Whale washed ashore in Brigantine. Photo provided by NOAA.
Whale washed ashore in Brigantine. Photo provided by NOAA.

New Jersey Governor Phil Murphy dismissed allegations by environmentalists and politicians to temporarily halt work on the massive off-shore wind turbine farm at the Jersey Shore. Some environmental experts have blamed the sudden death of dead whales on technology being used at sea to construct wind farms.

Murphy said the National Oceanic and Atmospheric Administration told him whale deaths have been rising since 2016, and that was before his project began.

“This is tragic, obviously,” Murphy said. “They have said it’s been happening at an increased rate since 2016, and that was long before there was any offshore wind activity. It looks like some of these whales have been hit by vessels.”

Clean Ocean Action, a Jersey Shore environmental group is now calling on President Biden’s administration to investigate.

They are requesting the federal government to conduct, “A thorough, transparent investigation of these whale deaths performed by federal agencies with independent, third-party scientist oversight. The public must have access to all reports from the investigation every step of the way.”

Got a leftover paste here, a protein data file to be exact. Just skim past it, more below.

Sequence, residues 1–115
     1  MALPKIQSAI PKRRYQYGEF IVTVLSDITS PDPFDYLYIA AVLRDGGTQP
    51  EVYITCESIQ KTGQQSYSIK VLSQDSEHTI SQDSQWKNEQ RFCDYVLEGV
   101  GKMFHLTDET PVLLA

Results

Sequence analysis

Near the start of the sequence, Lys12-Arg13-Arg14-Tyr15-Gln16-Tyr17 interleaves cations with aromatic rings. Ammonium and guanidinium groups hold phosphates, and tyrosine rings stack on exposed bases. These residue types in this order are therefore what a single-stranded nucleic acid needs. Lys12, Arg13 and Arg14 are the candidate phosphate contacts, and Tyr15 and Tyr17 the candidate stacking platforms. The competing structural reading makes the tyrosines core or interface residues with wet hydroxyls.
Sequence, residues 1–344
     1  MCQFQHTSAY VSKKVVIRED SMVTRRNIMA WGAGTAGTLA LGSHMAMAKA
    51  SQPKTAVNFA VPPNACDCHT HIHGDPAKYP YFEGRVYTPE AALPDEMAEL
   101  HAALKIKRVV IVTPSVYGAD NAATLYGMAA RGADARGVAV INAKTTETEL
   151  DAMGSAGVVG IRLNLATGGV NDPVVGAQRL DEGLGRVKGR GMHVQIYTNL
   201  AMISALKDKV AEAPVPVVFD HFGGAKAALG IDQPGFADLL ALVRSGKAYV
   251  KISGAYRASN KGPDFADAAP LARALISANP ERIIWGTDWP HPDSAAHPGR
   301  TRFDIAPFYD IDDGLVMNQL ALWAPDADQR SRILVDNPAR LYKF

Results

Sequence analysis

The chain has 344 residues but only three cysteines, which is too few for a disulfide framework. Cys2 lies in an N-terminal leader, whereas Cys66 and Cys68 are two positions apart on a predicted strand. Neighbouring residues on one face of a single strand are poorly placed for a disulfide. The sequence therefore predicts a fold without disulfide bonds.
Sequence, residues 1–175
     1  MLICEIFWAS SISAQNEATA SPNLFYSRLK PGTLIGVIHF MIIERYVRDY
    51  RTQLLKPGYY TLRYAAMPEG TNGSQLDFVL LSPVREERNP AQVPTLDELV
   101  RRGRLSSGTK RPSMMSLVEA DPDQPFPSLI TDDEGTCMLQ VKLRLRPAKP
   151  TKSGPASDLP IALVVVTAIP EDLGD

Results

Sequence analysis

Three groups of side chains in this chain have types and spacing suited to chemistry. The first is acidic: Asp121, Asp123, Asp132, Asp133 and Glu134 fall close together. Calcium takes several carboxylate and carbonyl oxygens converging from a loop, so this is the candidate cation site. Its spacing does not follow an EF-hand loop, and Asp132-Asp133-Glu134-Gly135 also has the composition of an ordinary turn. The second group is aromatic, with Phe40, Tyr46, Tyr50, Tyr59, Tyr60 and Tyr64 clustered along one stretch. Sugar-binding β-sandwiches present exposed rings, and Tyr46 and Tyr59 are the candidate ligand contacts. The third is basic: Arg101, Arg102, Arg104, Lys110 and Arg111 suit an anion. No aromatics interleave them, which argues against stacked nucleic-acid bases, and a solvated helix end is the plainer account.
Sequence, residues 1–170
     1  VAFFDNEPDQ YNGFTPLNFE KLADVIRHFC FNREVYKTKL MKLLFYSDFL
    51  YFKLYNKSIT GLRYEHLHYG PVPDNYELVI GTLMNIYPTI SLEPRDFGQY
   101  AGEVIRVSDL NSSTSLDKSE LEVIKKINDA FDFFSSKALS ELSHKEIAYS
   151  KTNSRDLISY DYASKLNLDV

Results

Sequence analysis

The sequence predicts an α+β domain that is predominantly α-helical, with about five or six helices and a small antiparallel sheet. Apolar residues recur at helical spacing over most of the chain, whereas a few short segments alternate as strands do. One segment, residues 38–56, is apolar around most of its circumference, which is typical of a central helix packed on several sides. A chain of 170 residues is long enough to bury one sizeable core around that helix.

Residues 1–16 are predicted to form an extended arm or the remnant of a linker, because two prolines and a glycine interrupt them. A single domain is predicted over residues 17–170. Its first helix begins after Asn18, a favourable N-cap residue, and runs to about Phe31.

COA is also calling for a hard stop to the off-shore wind-farm project until the investigation is complete.

The organization noted that over one million acres across 25 projects are planned in the region at this time.

Danish company Orsted who is performing the work offshore declined to comment on the matter.

The Democrat Party, once the defender of the world’s diminishing whale population, now says progress to ‘save the world’ from fossil fuels cannot take a backseat to save the whales.

New Jersey Democrats and other anti-fossil fuel organizations claim the work offshore is vital to meeting the left’s goal of achieving environmental justice, even if it comes at the expense of the once revered and dwindling whale population.

A New Jersey state senator, Vince Polistina joined environmental groups in calling for a temporary suspension of the project.

“We should suspend all work related to offshore wind development until we can determine the cause of death of these whales, some of which are endangered,” he said in a statemnt. “The work related to offshore wind projects is the primary difference in our waters, and it’s hard to believe that the death of (seven) whales on our beaches is just a coincidence.”

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